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Council magazines funded by taxpayer 'electioneering' and 'Tory propaganda' opposition groups claim

PUBLISHED: 13:16 22 February 2019 | UPDATED: 08:32 25 February 2019

The Your Council magazines issued by Babergh and Mid Suffolk district councils. Picture: JASON NOBLE

The Your Council magazines issued by Babergh and Mid Suffolk district councils. Picture: JASON NOBLE

Jason Noble

Two Suffolk councils have dismissed claims a magazine highlighting work in the last four years  is "Tory propaganda" paid for by taxpayers in the run up to the elections.

Mid Suffolk Greencouncillor John Matthissen said the publication was 'electioneering'. Picture: ARCHANTMid Suffolk Greencouncillor John Matthissen said the publication was 'electioneering'. Picture: ARCHANT

Babergh and Mid Suffolk district councils issued ‘Your Council’ this month to all homes in the districts.
The magazine highlights success stories, reports progress and keeps homes informed of what work the authorities are doing.

The councils claim the magazines were sent to sum up the four years of work before a new council is elected, and follows on from a previous ‘end of term’ report published online in 2015 but not widely circulated.

But opposition councillors have said it was published in the run up to May as election material, funded by the taxpayer and containing largely Conservative administration successes.

In an open letter to Mid Suffolk homes on behalf of his party, Green councillor John Matthissen said: “This pretends to be a report of the last four years work of the council but is in fact a thinly disguised early election leaflet from the local Conservative party, which you have paid for through your council tax.

“The many glossy pictures show exclusively Conservative members of the council, and illustrate projects that were worked on by a large number of council staff, without once acknowledging their commitment or featuring them in any of the photos.

“The Conservatives also claim credit for projects that have not yet been started, as well as some where the council has been only peripherally involved at best.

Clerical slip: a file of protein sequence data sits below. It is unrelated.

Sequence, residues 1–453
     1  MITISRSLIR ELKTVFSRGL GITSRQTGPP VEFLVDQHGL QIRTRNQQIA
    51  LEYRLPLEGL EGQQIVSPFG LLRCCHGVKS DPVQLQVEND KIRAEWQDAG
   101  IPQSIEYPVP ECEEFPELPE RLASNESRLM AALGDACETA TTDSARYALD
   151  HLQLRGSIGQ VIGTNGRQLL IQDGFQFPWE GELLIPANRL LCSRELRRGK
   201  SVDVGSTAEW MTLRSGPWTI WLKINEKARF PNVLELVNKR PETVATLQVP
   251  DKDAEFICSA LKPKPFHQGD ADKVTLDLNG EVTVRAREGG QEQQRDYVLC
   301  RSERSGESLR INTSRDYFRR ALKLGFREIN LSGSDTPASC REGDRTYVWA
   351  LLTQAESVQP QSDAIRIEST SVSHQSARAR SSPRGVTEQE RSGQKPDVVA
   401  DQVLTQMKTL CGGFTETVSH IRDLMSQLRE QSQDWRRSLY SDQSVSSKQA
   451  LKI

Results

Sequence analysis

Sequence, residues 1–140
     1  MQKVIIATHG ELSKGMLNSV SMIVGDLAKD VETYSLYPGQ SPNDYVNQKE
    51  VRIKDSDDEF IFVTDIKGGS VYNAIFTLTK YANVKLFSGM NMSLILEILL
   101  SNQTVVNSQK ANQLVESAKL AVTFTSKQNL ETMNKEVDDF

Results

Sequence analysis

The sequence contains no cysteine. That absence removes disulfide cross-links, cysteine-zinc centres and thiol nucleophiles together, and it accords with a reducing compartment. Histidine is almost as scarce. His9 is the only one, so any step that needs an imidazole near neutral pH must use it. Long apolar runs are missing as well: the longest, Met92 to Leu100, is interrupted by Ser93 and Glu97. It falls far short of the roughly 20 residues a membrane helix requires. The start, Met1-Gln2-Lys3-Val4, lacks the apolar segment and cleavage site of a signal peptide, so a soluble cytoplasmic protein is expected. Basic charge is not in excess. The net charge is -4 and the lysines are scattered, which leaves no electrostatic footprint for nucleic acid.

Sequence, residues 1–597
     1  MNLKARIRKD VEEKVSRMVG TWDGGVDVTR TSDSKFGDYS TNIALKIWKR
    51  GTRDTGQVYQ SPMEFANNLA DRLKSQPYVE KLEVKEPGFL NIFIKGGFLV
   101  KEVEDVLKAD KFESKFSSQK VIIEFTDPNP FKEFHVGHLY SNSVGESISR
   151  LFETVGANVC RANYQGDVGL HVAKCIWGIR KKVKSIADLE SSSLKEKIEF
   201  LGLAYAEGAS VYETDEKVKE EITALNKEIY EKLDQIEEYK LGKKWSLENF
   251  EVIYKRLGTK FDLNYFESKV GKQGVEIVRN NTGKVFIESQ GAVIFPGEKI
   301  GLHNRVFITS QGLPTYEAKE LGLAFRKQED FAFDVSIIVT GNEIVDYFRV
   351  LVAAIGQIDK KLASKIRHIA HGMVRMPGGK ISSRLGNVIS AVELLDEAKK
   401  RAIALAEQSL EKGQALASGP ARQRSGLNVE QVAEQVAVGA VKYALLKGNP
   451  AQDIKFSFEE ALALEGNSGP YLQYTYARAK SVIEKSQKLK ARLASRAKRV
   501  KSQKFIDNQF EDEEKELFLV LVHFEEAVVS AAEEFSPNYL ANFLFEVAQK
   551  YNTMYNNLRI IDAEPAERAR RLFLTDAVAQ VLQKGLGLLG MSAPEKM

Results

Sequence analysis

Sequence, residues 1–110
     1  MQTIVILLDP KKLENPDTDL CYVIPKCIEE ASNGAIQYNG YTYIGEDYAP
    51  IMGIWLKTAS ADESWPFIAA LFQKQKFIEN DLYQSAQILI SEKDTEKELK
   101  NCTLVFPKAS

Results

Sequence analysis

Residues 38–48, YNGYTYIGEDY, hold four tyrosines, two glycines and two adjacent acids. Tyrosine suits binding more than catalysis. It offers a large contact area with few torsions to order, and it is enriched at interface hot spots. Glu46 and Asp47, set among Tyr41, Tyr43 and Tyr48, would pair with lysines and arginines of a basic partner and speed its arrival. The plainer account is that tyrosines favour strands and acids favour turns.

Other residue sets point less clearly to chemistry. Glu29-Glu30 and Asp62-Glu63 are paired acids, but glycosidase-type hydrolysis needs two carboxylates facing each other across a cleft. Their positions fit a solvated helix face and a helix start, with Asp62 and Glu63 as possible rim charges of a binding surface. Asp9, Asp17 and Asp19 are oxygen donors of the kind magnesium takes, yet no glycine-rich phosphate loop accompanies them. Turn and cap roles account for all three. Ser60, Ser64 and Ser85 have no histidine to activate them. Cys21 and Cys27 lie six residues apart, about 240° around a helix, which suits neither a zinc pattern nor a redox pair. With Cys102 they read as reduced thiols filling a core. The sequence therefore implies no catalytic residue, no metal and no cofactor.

“Perhaps most misleading is their omission of the major problems caused by the Conservatives themselves, such as the thousands of unwelcome planning permissions, the cost of appeals and the expensive loss of many experienced staff when an HQ move to Ipswich was imposed.”

Babergh Labour councillor Luke Cresswell said that it was “Tory propaganda”.

“This magazine is biased and glosses over the failures of the council. It fails to recognise the appropriate councillors for their hard work and just heaps false praise on incompetent Tory councillors,” he said.

“Any such magazine should have been sent after the elections when it wouldn’t have interfered with our democratic process and it may have been useful as residents could see the new representatives and their details.”

However, a spokesman for the two councils said every councillor had been given an opportunity to contribute to the publications, which came in response to a survey of more than 4,000 homes last year in which 53% said they wanted more council communication by post.

“Both Babergh and Mid Suffolk councils have ongoing and varied programmes of sharing information with residents,” the spokesman said.

“This includes producing a report at the end of council term – the last one was in 2015.

“We’ve done the same thing this year, but have responded to research which showed that most of our residents wanted to receive information in a newsletter format.

“The response we’ve received so far has been positive and confirms this approach.

“In the past four years, Babergh and Mid Suffolk councils have created more affordable homes, invested millions of pounds in community facilities and worked to make our streets clean, tidy and safe. We think it’s important that people know what their council has done for them.”

The magazines work out at a cost of 32p per household to create and post, according to the council, with a local printing firm used to help support the local economy.

The council said it had received more than 180 responses to date on its survey, where 57% said they wanted information by post, and 71% saying it was easy to read and informative.

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